As things stand, Trikafta is both a legitimate breakthrough and an illustration that in the absence of active mitigation, the more things change, the more they stay the same.

McGarry and her colleagues are among those working for such change. So is Karestan Koenen, professor of psychiatric epidemiology at the Harvard T.H. Chan School of Public Health (HSPH) and principal investigator for NeuroGAP-Psychosis, and her colleagues.

Mend the GAP

NeuroGAP, or Neuropsychiatric Genetics in African Populations, was formed to address “the lack of specifically African representation in specifically psychiatric studies.” Koenen told BioWorld.

That lack hampers progress in psychiatric genomics as a whole. In Ethiopia, for example, “major work has been done on psychosis, but those people aren’t represented in psychiatric genomics” – a situation that NeuroGAP wants to help rectify.

Koenen said that in addition to the project’s size, it is notable for its commitment to enhancing African capacity for genomics research. She is co-principal investigator with seven African academics, and “the places we do work will be empowered to do more complex research and be able to analyze the complex data they are generating from their own people,” she said.

The approach is in sharp contrast to what is sometimes termed “safari research,” where, from the point of view of the African collaborators, researchers “have come to do research… and they just come here, take the data and leave, and not only are we not any better off for it, but we never hear from them again.”

Koenen noted that self-interest is as good a reason as social justice for researchers to pay attention to minority populations.

Ten percent of the African genome is missing from the current reference genome, but “Africans have the greatest diversity,” she told BioWorld. The major metabolic disease target PCSK9, for example, was first identified in case studies that included several African families.

Another recent study in Caribbean Hispanics showed that African-derived ApoE, the strongest genetic predictor of Alzheimer’s disease (AD) risk in Caucasians, has only half as much influence on AD risk as European-derived ApoE. The E2 allele was less protective, and the E4 allele less damaging. Understanding why might help figure out treatment or prevention options for those with African and European ancestry alike.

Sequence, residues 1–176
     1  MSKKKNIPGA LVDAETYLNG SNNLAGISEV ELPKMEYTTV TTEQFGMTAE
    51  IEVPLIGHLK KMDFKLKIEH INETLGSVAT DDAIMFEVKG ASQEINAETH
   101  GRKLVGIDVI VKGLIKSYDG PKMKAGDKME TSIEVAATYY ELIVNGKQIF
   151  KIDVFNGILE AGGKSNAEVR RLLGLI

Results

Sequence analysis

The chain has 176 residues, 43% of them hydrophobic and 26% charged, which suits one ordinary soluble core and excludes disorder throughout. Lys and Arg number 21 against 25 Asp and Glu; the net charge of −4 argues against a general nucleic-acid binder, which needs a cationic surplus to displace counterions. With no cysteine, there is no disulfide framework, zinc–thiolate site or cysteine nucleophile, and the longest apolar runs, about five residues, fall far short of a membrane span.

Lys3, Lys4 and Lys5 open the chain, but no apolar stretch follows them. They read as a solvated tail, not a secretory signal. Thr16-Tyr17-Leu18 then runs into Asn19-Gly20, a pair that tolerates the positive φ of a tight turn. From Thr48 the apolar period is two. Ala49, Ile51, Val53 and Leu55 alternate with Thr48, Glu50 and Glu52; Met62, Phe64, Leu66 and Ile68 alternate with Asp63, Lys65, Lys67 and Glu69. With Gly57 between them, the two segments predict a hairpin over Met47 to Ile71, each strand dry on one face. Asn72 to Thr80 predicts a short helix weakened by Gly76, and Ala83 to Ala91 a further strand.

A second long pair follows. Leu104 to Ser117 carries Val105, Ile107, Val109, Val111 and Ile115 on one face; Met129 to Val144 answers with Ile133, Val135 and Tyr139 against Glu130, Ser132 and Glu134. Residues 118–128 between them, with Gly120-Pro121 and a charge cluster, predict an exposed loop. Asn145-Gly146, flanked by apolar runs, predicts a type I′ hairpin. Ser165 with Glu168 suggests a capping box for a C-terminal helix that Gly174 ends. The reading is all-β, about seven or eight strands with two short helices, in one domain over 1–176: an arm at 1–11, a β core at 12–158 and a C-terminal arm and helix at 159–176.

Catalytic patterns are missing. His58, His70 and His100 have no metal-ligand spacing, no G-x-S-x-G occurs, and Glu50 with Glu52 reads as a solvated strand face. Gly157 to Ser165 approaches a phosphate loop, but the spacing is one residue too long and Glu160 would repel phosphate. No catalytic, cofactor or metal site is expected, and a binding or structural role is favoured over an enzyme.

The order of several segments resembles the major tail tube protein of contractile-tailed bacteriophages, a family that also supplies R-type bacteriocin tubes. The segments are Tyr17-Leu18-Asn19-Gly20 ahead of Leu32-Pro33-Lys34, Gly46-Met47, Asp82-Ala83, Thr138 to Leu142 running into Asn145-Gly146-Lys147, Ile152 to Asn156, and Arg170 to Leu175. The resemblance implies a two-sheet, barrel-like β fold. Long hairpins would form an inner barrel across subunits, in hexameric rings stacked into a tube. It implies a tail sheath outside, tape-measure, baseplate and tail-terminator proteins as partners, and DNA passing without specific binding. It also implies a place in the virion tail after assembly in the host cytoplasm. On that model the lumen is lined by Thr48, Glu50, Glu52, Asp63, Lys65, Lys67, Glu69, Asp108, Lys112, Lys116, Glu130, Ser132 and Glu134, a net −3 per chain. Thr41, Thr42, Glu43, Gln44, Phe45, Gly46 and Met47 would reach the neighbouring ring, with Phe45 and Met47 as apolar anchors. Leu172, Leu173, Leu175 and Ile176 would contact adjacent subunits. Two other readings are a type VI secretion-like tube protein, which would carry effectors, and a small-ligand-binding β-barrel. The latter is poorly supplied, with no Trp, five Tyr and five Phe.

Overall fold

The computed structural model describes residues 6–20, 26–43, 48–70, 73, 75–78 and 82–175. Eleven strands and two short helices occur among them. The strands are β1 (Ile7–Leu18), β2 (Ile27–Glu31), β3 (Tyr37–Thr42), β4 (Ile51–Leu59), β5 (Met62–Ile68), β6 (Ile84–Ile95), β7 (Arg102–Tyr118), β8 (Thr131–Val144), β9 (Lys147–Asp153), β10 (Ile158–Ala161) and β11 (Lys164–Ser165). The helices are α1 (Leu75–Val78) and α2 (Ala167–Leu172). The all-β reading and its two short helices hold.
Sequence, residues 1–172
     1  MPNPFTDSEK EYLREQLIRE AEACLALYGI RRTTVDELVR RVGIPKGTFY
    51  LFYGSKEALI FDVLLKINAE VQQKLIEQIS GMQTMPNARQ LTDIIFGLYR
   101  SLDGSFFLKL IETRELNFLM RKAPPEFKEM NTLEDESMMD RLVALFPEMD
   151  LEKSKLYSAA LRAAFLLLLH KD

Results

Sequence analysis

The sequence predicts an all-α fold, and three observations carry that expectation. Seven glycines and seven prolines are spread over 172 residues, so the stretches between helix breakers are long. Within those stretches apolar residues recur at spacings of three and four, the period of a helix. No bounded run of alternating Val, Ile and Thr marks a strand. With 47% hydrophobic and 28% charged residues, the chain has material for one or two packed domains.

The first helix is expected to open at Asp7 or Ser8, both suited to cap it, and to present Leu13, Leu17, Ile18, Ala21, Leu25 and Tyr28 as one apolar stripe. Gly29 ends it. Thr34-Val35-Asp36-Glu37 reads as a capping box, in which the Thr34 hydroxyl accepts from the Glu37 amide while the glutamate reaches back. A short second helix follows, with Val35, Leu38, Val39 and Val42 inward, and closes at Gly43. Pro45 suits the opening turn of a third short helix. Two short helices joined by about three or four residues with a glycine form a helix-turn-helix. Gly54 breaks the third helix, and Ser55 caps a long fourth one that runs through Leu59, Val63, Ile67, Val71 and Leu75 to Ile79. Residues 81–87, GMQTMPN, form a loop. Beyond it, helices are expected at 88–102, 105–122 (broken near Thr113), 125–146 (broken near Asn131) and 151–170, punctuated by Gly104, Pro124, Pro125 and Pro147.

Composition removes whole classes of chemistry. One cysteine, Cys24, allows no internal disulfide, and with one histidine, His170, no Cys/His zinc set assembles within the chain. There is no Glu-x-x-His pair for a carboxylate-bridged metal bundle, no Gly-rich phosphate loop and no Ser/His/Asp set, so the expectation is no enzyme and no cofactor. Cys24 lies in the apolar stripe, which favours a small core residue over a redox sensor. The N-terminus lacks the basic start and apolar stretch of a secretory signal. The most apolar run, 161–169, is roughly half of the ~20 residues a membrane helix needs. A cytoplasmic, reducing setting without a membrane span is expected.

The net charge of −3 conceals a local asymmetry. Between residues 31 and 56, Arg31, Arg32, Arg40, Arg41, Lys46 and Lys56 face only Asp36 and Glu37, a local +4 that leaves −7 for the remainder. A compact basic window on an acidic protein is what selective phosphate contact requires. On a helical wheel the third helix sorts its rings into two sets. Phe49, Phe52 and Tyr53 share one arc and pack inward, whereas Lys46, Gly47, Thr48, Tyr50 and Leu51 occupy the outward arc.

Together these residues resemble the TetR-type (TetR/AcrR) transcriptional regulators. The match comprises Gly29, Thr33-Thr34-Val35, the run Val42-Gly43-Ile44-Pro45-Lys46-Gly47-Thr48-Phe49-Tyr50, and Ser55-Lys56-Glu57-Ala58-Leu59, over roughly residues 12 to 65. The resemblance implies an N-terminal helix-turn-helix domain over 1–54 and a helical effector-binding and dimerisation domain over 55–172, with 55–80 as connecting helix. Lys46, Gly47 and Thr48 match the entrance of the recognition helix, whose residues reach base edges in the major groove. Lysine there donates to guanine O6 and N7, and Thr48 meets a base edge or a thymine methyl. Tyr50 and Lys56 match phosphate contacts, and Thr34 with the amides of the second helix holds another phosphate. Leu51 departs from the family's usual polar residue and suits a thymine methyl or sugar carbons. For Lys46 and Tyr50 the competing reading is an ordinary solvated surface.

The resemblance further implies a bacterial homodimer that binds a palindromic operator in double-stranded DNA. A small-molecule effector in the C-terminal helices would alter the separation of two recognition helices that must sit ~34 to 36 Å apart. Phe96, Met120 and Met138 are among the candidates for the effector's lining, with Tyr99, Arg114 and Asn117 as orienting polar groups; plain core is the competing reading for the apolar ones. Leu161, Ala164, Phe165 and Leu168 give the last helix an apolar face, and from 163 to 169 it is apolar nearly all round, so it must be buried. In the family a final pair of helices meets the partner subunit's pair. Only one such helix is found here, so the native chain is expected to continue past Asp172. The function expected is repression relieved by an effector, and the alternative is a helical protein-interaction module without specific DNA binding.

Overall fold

“If we don’t study African populations, we’re missing a lot of variation… a lot of data [that] can inform drug development that is for all populations,” Koenen said.

Equitable representation is an important goal, but also a challenge. As McGarry’s research into Dominican and Puerto Rican populations illustrates, in part, the more diversity researchers include, the clearer it becomes that there are populations within populations.

In a paper published in October in Cell, a Singaporean-led multinational team took advantage of the nation-state’s combination as historical immigration hub and top-notch modern research enterprise to sequence nearly 5,000 Singapore residents of Chinese, Indian and Malay descent. The work, which uncovered more than 50 million novel single nucleotide polymorphisms (SNPs) and small insertions/deletions (indels) is part of the SG10K project, a national effort aiming to whole-genome-sequence 10,000 Singaporeans. Fourteen of those loci, the authors wrote, “harbored robust associations with complex traits and diseases… [highlighting] the value of our data as a resource to empower human genetics discovery across broad geographic regions.”